In the late 18th Century, the shoals is said to have been a locale of pirates. Stephen Decatur, during the time of the American Revolution, as a naval officer of royal service to England. Captain of the HMS Disdain, he was quartered in Shady Cove. He kept watch of the coast, most notable the lighthouses of the archipelago. He won a few battles agains the newly formed Marines of the continental armies and survived through the wars end. Succumbing to America and trying to make a living, he eventually turned coat from new service to become a pirate. Rumors of treasure abound on the archipelago but nothing has been found to date. Every few years the big news in town is another search for the wreck of the HMS Disdain. Tracked by American and English crews for crimes on international waters, the final battle was here agains Captain Barthalemew Jones of the HMS Wayward and Captain Absalom Wain of the american continental navy. Under a storm, they fought for many hour until the Disdain was breached and left to sink.

19th Century

In the period of Antebellum Shady Cove quickly joined the industrial revolution and the growing infrastructure of railways growing over the north east. Initially to support their fishing industry and move the fish further inland, by the 1830s Shady Cove became a destination spot for visitors as well. This lead to the construction of several lodges on the Coral Springs archipelago. Two of the families of African Americans (those released from the Wainrights some 100 years prior) went with the tourist industry at this time to the islands. One of these families prospered, being the sole caretakers of one of the largest lodges on the islands, the Coopers. Their eldest son, Nathan would build/establish the Diamon Shoals lighthouses, the first and longest surviving lighthouse on the archipelago.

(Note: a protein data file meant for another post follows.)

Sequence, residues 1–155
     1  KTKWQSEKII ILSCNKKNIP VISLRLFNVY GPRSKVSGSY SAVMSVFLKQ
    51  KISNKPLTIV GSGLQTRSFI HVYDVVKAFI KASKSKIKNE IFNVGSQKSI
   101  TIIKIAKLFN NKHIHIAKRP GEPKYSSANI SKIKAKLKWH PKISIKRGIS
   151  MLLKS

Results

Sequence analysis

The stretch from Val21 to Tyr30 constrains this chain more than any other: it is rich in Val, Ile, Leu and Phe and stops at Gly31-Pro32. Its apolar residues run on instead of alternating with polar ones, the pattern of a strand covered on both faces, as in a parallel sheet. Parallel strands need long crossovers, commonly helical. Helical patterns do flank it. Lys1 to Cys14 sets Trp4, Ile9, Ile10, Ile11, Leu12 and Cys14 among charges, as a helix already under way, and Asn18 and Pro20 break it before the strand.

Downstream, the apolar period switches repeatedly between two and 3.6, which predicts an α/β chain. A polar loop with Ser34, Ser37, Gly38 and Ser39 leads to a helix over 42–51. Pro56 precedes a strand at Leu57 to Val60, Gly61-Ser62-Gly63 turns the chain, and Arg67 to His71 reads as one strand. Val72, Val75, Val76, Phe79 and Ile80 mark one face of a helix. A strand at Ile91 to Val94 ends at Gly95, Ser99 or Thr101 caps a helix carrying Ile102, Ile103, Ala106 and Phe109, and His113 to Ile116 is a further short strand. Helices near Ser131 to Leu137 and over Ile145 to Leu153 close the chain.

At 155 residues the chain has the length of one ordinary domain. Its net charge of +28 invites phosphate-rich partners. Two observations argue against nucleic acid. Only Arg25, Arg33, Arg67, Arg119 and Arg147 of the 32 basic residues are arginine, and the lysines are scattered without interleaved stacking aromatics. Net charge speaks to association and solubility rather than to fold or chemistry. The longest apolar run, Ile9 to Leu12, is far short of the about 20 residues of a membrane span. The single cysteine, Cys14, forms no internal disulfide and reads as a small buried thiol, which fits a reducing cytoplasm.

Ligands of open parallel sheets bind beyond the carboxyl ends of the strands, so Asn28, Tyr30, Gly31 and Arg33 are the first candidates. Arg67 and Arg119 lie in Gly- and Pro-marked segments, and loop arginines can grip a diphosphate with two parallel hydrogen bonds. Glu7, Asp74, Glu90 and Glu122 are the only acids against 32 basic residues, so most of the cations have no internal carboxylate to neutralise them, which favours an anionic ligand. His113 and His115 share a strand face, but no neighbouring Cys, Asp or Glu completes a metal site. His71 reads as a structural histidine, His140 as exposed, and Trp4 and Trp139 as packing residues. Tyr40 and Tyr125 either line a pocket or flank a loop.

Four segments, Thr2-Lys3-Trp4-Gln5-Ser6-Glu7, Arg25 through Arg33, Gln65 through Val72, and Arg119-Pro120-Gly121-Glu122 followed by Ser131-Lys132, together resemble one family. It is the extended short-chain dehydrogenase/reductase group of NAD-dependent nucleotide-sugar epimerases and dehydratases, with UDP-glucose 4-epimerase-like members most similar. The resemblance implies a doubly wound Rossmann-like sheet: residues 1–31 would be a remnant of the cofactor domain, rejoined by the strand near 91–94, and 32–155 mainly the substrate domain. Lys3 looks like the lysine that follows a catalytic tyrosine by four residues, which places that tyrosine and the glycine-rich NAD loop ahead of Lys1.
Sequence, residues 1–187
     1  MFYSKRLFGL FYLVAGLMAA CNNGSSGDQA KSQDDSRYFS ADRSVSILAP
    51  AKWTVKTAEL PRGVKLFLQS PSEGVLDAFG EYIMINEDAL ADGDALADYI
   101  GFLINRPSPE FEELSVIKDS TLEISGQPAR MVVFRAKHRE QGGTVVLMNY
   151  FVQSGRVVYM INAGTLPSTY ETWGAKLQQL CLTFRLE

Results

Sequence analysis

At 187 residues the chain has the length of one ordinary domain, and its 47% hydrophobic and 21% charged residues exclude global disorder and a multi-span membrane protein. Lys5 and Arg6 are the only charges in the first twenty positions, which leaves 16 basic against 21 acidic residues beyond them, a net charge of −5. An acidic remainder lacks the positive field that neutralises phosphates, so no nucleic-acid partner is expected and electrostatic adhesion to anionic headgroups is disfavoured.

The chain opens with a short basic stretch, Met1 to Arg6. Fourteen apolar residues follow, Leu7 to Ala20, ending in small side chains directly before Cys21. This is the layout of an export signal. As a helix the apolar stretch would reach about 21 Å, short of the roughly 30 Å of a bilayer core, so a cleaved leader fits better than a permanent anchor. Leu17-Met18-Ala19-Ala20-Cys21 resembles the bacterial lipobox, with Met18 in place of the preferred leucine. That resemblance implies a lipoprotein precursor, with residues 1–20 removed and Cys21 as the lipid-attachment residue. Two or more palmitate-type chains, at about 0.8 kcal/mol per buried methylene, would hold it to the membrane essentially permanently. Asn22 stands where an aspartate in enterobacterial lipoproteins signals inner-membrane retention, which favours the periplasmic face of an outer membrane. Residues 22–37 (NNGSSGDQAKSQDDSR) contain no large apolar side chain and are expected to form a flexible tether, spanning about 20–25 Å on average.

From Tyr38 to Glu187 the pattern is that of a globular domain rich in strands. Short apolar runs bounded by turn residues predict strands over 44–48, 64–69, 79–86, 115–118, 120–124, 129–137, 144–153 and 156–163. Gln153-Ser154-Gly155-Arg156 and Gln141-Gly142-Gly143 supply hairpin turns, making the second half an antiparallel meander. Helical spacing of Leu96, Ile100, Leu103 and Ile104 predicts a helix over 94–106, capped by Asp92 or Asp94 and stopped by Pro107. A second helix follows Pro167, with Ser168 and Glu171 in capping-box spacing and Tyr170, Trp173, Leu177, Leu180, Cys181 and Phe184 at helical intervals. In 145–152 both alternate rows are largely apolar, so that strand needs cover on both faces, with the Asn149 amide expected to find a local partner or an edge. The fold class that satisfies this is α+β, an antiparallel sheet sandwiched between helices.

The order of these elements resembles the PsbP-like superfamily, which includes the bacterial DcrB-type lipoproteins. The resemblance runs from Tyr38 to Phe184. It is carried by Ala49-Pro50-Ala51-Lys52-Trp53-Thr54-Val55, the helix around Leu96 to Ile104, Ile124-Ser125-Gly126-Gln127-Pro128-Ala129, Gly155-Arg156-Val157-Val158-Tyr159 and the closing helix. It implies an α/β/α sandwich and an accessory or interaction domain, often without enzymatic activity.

Shady Cove supported industrialization of the states and the freedom of slaves. There was no opposition in town, but it became a spot for transportation into Canada. The end of the railroad in some respects, one could transfer to boat at this time and through the civil war, Nathan's Lighthouse serving as another beacon in a way. By the time of the civil war, the native sons of Shady Cove marched south for war, but saw few battles. A few saw combat and some died.

20th Century

At the turn of the century, tourism was still a big industry for Shady Cove. Though there was competition for the growing west following the recent world fairs in the past decade. Shady Cove was still doing good at this time with the islands still in full swing with their tourist lodges. It wasn't until after WWI that this industry saw a down turn Further damaged by the great depression. There were a few public works projects under the era of the New Deal which saw several stone cabins added to the various lodges but they never fully recovered.

By the time of WWII, the town was imply self sufficient, a slight interest in tourism but otherwise left to its own devices. There is a slight increase in tourism in the 60s and 70s, a return to New England and enjoying the quaint fell to many of the smaller seaside towns. Though other cities were a bigger draw.

With the turn of the 21st Century, Shady Cove remains as it has for many decades, quiet and welcoming, warm to tourists and visitors and confident in its own future.